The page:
We end this summer not with a bang but a whimper of frustration over HMRC’s changing practices which affect you and your clients. First, we have a work-around for one of the software errors which is blocking online filing of the SA tax return. We review the circumstances in which PAYE penalties will be issued in 2017/18, and finally we have an update on the information which HMRC refuses to provide to tax agents.
Below is just an extract from last week’s tax tips email. To receive the full email when it is published each Thursday, simply follow the link on the right (or below, if you’re reading this on a mobile device).
PAYE late filing penalties
We summarised the position for late filing PAYE penalties in our newsletter on 20 April 2017. This information related to the 2016/17 tax year, but we now have a further statement from HMRC regarding how they will assess PAYE penalties for 2017/18.
The full payment submission (FPS) report is supposed to be filed on or before the day which is the earlier of:
- the day on which employee actually gets paid;
- date on which employee becomes entitled to his pay.
Say the employee becomes entitled to his pay on 28th of each month, but in August the payroll was run and payment was made on 29th as 28 August was a bank holiday. In that case the FPS sent on 29 August is deemed to be late as it was submitted after the day on which the employee became entitled to his pay. This rule applies even if the employee was actually paid late, i.e. on 29 August.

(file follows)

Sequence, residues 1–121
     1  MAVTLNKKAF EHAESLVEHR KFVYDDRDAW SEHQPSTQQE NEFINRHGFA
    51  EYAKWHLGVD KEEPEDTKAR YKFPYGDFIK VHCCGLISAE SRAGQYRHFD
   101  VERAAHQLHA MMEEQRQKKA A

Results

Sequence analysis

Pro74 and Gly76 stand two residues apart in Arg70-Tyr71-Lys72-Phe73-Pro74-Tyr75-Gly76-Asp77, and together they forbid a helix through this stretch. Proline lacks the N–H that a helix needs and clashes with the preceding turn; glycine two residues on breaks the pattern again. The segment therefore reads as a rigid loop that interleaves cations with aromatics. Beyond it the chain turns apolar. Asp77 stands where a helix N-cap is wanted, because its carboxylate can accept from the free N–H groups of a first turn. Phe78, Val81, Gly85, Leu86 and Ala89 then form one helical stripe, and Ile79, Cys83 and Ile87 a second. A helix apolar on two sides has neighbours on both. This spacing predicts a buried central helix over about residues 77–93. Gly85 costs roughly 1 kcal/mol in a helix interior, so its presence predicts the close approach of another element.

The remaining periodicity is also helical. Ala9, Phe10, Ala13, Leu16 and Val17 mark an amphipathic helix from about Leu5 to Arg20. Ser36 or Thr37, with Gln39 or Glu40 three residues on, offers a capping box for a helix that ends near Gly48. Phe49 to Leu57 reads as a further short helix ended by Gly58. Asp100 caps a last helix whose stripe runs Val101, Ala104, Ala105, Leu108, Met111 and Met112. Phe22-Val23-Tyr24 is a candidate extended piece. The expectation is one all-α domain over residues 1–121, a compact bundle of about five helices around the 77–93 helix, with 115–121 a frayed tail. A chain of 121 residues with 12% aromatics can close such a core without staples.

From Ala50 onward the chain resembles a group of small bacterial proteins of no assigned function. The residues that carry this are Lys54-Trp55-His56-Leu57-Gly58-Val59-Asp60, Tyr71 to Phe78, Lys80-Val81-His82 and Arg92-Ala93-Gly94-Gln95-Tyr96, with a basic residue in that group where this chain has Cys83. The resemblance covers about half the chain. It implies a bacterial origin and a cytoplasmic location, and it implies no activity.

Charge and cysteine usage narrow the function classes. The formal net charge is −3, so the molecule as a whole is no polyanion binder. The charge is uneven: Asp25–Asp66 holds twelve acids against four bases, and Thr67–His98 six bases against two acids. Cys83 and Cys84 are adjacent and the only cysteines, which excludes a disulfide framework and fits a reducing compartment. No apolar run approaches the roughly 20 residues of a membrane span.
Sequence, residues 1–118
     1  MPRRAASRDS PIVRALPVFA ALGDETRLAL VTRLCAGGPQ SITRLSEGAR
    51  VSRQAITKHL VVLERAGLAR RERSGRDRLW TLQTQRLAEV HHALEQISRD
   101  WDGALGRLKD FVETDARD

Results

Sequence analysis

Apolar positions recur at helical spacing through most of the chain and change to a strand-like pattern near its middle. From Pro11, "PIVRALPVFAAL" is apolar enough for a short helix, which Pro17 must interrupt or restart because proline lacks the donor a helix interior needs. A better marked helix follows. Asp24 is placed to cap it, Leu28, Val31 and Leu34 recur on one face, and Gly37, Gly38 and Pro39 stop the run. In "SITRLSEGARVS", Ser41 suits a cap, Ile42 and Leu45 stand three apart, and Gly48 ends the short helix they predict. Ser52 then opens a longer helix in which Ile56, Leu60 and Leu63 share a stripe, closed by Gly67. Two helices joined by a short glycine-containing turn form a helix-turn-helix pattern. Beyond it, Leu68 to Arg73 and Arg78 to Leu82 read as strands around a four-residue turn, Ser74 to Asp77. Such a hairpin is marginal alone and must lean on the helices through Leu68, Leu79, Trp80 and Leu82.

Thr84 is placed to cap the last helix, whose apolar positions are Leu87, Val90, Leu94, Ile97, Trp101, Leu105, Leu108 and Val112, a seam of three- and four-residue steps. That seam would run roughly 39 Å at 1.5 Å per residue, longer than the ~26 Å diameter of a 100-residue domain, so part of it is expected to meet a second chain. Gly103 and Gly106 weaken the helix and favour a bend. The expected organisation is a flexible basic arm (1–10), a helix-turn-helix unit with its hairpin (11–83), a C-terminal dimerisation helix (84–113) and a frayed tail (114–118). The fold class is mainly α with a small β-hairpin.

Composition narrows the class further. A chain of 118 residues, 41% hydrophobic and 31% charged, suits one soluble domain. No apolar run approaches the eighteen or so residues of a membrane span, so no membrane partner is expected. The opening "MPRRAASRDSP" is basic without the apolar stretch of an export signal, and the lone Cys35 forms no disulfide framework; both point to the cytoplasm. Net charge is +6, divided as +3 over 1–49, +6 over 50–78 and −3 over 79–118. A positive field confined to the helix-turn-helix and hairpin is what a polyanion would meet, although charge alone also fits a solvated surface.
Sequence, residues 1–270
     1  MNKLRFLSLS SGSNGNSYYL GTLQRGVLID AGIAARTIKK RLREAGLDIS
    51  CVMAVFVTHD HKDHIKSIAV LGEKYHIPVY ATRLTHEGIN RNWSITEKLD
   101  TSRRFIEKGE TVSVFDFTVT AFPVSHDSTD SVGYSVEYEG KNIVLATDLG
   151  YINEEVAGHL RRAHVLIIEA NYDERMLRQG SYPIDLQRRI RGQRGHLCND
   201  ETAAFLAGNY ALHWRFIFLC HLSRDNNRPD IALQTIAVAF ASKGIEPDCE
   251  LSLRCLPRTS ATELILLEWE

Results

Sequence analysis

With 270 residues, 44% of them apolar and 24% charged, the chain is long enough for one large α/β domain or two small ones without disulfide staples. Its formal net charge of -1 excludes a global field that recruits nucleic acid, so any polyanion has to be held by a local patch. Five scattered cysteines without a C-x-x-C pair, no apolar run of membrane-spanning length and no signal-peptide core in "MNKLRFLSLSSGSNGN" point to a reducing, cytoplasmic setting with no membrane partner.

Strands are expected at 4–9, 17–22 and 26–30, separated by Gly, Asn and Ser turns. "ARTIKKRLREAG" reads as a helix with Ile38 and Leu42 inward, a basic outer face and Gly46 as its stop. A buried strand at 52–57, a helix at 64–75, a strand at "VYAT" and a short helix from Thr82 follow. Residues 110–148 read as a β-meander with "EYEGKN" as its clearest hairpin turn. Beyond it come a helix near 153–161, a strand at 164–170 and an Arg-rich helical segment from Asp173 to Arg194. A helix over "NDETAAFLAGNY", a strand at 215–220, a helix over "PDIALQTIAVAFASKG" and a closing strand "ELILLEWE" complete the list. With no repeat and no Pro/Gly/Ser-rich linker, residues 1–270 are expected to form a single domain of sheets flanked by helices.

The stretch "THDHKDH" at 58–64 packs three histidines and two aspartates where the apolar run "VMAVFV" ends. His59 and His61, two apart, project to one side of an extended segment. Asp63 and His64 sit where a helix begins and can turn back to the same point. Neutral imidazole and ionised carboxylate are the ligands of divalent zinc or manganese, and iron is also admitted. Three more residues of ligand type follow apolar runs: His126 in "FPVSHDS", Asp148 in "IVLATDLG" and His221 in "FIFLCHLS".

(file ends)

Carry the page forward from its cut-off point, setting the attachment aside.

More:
In 2016/17 HMRC introduced a three-day grace period for filing the FPS, and in the Employer Bulletin issue 67 they explain that this three-day grace period will continue to be applied for the whole of 2017/18. This is not an extension of the filing period. That “on or before” deadline remains as described above. It represents HMRC turning a concessional blind-eye to marginal and occasional lateness by the employer. If the employer persistently files the FPS late, but within 3 days of the due date, he will receive an online penalty warning from HMRC and be considered for a penalty.
It’s worth reminding clients that late filing penalties start at £100 per month for the smallest payrolls, and rise to £400 per month for payrolls with 250 or more employees. One late filing within the tax year is permitted before any penalty is assessed.
The first PAYE penalties for 2017/18 will be issued in September 2017 for the PAYE periods ending in the quarter to 5 July 2017. Penalties are sent to employers by letter, not by email or GNS message (the electronic messaging service within PAYE online). However, an appeal against the penalty can be submitted through PAYE online, or by letter.
You can appeal on behalf of your client, but don’t forget to take a screen-print of the appeal including the reasons given as there is no print function in the online appeals mechanism.